As time went by without any descendants and his health was so fragile, Charles II wrote a testament in 1696, where he designated his grandnephew Joseph Ferdinand of Bavaria, a four-year old child, as his sucessor. This testament was considered as a compromise solution in order to try to avoid a war in Europe if Charles II appointed either a member of the Habsburgs or a member of the Bourbon dynasty as his successor. But the European powers had different thoughts. In 1698 Louis XIV, king of France, signed an agreement with some European powers in the Hague  in order to distribute the Hispanic Empire if Charles II died: the Peninsular kingdoms and the Indies would be for Joseph Ferdinand, Archduke Charles of Austria (heir of the Habsburg Empire) would receive Milan and Louis XIV´s son would receive Naples and Sicily. The French king was trying to avoid an excessive concentration of territories in the Habsburgs´ hands. 

 JosephFerdinand.jpg

Joseph Ferdinand of Bavaria

But in 1699 Joseph Ferdinand suddenly died. There were rumours about the causes of his death: he might have been poisoned. But nothing could be proved. Charles II had to write a new testament. He received a lot of pressures to designate a French prince as his successor: Philip of Anjou, Louis XIV´s grandson and Charles II´s grandnephew. 

 
Philip of Anjou (left) and Archduke Charles of Austria (right)

Charles II died on the 1st November 1700. His heir, Philip of Anjou, arrived in Madrid in February 1701. This situation wasn´t accepted by Austria and the same happened with other European powers: England, the Low Countries, Portugal and Savoy signed an alliance to expel the Bourbons from the throne of the Hispanic Monarchy and the War of Spanish Succession started.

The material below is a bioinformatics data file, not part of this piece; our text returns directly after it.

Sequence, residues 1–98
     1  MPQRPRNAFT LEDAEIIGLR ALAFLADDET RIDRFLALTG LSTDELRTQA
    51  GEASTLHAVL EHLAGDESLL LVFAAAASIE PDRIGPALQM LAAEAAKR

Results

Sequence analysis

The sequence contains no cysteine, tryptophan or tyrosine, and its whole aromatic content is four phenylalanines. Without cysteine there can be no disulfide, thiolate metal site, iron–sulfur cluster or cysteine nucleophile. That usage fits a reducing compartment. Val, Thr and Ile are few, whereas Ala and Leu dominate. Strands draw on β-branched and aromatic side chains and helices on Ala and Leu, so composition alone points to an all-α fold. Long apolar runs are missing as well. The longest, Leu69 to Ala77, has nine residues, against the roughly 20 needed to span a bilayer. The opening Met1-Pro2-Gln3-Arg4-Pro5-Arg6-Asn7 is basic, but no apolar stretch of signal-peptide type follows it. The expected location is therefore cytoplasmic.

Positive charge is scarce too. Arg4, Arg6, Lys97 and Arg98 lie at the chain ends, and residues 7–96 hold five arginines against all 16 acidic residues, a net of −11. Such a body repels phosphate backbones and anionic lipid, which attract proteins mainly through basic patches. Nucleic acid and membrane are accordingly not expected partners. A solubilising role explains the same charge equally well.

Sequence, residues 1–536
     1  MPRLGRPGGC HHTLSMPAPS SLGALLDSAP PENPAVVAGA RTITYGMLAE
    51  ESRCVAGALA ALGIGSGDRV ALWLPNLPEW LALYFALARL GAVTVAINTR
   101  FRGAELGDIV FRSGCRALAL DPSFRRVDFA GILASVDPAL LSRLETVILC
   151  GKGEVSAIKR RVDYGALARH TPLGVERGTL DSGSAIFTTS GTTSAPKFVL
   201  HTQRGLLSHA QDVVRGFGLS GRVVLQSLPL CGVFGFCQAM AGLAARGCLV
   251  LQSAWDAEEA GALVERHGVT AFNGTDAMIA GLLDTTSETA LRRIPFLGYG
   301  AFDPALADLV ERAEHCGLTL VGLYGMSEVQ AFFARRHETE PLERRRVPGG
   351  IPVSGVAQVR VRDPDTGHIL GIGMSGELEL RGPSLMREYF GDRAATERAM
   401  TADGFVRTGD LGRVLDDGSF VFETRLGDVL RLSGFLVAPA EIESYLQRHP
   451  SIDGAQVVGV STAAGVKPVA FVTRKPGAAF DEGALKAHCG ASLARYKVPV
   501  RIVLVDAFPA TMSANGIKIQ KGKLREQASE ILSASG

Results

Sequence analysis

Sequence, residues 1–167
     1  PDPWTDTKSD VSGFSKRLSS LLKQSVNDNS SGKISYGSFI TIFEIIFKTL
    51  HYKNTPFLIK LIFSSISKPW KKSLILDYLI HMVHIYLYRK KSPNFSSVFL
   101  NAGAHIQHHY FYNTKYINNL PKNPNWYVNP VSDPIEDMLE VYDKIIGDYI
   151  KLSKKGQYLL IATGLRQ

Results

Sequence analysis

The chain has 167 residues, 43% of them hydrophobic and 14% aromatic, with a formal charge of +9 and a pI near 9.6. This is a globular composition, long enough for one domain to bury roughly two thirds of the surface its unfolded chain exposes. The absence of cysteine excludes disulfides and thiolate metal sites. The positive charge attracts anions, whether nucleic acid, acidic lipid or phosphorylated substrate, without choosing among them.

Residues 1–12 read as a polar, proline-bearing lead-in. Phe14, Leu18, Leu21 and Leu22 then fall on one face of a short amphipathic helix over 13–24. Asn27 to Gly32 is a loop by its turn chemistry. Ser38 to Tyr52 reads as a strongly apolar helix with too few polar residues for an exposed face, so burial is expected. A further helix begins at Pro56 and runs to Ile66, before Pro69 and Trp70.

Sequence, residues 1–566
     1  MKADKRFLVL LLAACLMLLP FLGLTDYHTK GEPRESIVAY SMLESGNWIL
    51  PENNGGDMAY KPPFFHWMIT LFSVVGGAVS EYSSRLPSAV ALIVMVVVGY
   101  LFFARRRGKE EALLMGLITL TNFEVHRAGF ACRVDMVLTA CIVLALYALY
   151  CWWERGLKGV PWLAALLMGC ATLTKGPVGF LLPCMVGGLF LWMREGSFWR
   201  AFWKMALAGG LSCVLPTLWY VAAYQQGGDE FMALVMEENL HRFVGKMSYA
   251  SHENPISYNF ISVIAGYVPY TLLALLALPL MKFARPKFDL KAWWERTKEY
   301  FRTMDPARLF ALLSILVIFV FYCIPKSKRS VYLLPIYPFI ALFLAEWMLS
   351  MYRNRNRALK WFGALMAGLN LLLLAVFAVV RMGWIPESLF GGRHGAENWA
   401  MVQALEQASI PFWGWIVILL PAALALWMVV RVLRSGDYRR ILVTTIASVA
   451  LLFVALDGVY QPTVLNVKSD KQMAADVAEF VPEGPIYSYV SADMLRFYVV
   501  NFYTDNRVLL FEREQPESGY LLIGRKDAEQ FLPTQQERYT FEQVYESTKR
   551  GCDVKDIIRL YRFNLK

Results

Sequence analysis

A quote to think about



The last post dedicated to the USA in the 18th century will be this Thomas Jeffersson´s quote. In what present situations could we appeal to this quote?

Amendments to the USA Constitution



As we studied last Friday, the USA Constitution written in 1787 continues to be in force. This is an important difference between Spain, where we´ve had seven different Constitutions and two more projects along history. But this doesn´t mean that the USA Constitution hasn´t been modified several times. This is what we call "amendments". Twenty-seven amendments have been included in the USA Constitution since 1787. The first ten amendments formed the Bill of Rights, which recognizes rights such as freedom of speech, religion, press, assembly and petition, the right to keep and bear weapons, the right to have a fair trial and not to declare if this could incriminate oneself. Other transcendental amendments were. 

- the 13th Amendment (1865), which abolished slavery and servitude 

- the 15th Amendment (1870), which gave the right to vote to non-white people 

- the 18th Amendment (1919), which established Prohibition of producing, buying and selling alcohol. This one was abolished with the 21st Amendment in 1933

- the 19th Amendment (1920), which gave women the right to vote

- the 26th Amendment established the right to vote for those aged 18 or more.

Many of these amendments referred to suffrage, because the USA don´t have a national electoral law. Every State has different laws for elections and that´s why they had to include general rules that have to be applied everywhere. 

Since 1787 more than 9,000 amendments to the Constitution have been proposed, but only 27 have been accepted. The last one (the 27th) was made in 1992.

Here you have a complete list of the 27 amendments: 



This is the process to amend the Constitution: 


And here you have another link to the proposed amendments that haven´t been ratified for different reasons: 


Finally, here you have two videos made to learn the amendments: 

- the first one was made by two boys who create songs about different school topics. They are called Smart Songs and this is their video about the Bill of Rights: 




- And this one was made by a student called Mike Simmons. You can read the lyrics below the video on Youtube: 



Would you dare to do something similar about a different topic?